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  Two New Animals Join Initiative

DENVER—With tax time just around the corner, the Colorado Attorney General’s Office is warning people to beware of a scam in which people pose as IRS agents and threaten consumers with arrest, deportation, and even drivers’ license revocation if they do not immediately pay their taxes.
“These callers can seem very official and will portray themselves as IRS agents to the point of providing phony badge numbers,” advised Attorney General Cynthia H. Coffman. “Just like the debt collection scam we warned about yesterday, in the IRS scam, the caller demands payment by wire transfer or with a prepaid money card and may threaten arrest, litigation or to have liens placed on consumers’ property if payment isn’t immediately received. Countless Coloradans have been frightened by these calls and we want people to understand they are not legitimate,” Coffman continued.
The following signs will help consumers spot the IRS debt collection scam:
• threats of arrest or prosecution
• demand of immediate payment
• requirement of specific payment method, i.e. wire transfer or prepaid money card
• requests for credit or debit card numbers over the phone
• requests for personally identifiable information.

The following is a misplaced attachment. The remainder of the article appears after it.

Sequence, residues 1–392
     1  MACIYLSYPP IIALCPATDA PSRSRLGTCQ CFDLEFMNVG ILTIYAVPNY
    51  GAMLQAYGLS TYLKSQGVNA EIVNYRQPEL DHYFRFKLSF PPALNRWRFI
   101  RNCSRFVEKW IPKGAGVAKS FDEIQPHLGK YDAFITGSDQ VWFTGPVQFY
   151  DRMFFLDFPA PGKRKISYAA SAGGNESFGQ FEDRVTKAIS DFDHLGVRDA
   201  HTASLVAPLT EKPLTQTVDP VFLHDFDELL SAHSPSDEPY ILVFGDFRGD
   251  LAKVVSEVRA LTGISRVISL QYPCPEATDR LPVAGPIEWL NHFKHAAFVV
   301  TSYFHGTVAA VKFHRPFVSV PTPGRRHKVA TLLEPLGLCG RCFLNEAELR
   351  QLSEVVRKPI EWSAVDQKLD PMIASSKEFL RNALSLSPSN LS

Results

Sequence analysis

Consumers are encouraged to follow these tips to stay safe:
• do not give out any personal information over the phone
• do not give out any financial information over the phone
• try to write down the basic details of the call, such as the caller’s name and phone number
• if you are unsure of the call’s legitimacy, contact the IRS directly (800) 829-1040.
In support of National Consumer Protection Week, is introducing Coloradans to two new animals. The new alligator asks, “How do you know if your loan modifier is out for a pound of flesh?” And a snake raises the question, “Do you know how to spot a snake oil salesman?” Along with the boar (representing charitable fraud) and chameleon (who represents ID theft) these four animals are helping educate Coloradans on common scams and how to file fraud reports.
“It’s critically important that people report fraud, because when they do, it helps us keep all Coloradans safe from the wild range of fraud we see,” explained Coffman. “Since its December 2014 debut, more than 30,000 visitors have gone to to learn about common types of fraud, to sign up for fraud alerts, and to report fraud.”
The StopFraudColorado animals to debut thus far include:
• Boar - How do you know your donation is finding the right pockets?
• Chameleon - How do you spot an identity thief?
• Alligator - How do you know your loan modifier is out for a pound of flesh?
• Snake - How do you spot a snake oil salesman? and the statewide marketing campaign is being funded out of settlement moneys recovered by the Colorado Attorney General and earmarked for consumer education and outreach efforts. Follow on Twitter @StopFraudCo and Facebook at
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